Ghosts of War (2020)

A group of American soldiers sets up in a French mansion during the war as their post for a short period. Once in there, things take a turn and they have a new enemy to content with.

Written and directed by Eric Bress, Ghosts of War takes the war film and adds supernatural elements to it, something seen many times before and done fairly well here. The film has a good grasp of adding surprise elements to its story here and there, giving a bit of fun and some scare scattered throughout. The story is a bit basic, but it works until the last 20 minutes or so where, to this viewer, it screws the pooch and just messes up everything it has previously established. That bit of storytelling there just shows a wanting to get out of the story the easy way or not knowing where to go with it. It feels off and it feels like it doesn’t belong with the rest of the film. The first section of the film works fairly well and it makes the film be something interesting in the least. That switch later on feels off and messy, breaking up the story in a way that may just not have been necessary.

The cast does good work here no matter what is going on with the story and the script. Leading the cast is Brenton Thwaites as Chris who does really good work with his character, giving him dimension and emotion. His work is the one that most will keep watching because he really grabs the attention and doesn’t let it go when he’s on screen. Playing a secondary character in the group is Theo Rossi as Kirk and he first grabs the attention by grossly scratching his foot with a fork and then he does work that is on point for his character and he manages to keep the attention even against Thwaites. The rest of the main cast is good, but they have characters that come off as okay, but they don’t really make much in terms of differentiating their performances. This means they are all good, but they don’t necessarily come up from the group.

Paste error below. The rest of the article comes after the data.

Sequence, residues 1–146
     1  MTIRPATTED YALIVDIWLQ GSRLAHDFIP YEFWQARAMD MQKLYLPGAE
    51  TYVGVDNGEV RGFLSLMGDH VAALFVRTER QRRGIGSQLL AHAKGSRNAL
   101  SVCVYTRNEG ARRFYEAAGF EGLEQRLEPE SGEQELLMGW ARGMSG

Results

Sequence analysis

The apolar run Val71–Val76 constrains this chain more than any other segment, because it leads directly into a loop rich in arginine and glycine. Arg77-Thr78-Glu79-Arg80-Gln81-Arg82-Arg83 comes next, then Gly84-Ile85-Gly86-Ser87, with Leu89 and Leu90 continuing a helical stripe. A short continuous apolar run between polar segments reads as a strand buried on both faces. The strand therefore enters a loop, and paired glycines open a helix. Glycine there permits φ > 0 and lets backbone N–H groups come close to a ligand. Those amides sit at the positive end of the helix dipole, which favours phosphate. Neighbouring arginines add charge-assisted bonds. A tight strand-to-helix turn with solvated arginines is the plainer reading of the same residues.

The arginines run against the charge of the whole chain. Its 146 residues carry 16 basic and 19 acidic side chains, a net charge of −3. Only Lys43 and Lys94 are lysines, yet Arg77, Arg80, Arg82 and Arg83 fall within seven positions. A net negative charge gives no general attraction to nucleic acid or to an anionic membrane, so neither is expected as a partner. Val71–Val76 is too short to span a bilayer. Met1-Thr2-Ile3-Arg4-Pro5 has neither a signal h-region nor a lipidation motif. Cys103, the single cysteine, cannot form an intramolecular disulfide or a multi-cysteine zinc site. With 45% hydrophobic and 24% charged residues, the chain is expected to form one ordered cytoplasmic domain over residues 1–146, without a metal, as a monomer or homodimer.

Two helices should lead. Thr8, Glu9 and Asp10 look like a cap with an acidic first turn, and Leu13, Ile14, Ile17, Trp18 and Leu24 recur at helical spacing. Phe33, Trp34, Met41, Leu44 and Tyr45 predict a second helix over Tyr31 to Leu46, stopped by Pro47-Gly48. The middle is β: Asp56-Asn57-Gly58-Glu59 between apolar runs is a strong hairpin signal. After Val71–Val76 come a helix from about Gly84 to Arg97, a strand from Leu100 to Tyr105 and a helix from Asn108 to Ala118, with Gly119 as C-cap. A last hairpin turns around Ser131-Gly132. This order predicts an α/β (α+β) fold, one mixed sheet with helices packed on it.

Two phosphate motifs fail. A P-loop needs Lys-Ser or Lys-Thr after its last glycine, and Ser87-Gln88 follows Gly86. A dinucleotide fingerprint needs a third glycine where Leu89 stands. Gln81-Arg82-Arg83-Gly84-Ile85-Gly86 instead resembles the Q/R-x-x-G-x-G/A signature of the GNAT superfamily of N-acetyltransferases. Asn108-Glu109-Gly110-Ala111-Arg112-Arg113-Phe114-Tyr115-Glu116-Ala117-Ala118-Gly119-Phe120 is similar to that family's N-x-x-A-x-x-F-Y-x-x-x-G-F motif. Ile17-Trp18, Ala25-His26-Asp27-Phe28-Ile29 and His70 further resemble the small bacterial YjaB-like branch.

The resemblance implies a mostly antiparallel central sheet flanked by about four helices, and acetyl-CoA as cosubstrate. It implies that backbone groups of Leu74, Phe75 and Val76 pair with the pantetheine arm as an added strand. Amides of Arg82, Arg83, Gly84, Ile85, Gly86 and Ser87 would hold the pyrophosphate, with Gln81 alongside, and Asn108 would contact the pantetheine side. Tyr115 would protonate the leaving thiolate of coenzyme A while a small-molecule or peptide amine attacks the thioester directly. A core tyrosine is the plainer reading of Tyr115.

One of the major pluses of Ghosts of War is how it looks. The film is visually beautiful when it needs to be, it shows what is happening in the dark scenes, and it’s not afraid to be a bit bold at times with its visual choices. The cinematography by Lorenzo Senatore is great to look at, it gives the film depth visually and something to root all the action into. The work here is not simple given that a great majority of the scenes are either barely lit or in the dark. His work here is great.

Ghosts of War has some great scenes here and there with story that works until the last part of it that feels like it’s there to mess up the film, which of course was not the goal, but it’s what it does. The performances are good with a few stand outs and the cinematography pulls the viewer in and helps keep the interest. The supernatural elements are okay, not particularly surprising or scary if one watches a lot of these types of films. Overall, it’s a good film, but not great. It has a few great scenes peppered throughout and a couple of scares, so it works okay.